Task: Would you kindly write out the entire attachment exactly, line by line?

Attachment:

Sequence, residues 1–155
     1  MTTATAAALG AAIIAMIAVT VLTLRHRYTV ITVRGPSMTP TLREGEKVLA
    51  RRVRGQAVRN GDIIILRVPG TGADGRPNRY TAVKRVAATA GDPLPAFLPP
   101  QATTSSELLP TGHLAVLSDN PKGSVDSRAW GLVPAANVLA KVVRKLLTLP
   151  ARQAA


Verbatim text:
Sequence, residues 1–155
     1  MTTATAAALG AAIIAMIAVT VLTLRHRYTV ITVRGPSMTP TLREGEKVLA
    51  RRVRGQAVRN GDIIILRVPG TGADGRPNRY TAVKRVAATA GDPLPAFLPP
   101  QATTSSELLP TGHLAVLSDN PKGSVDSRAW GLVPAANVLA KVVRKLLTLP
   151  ARQAA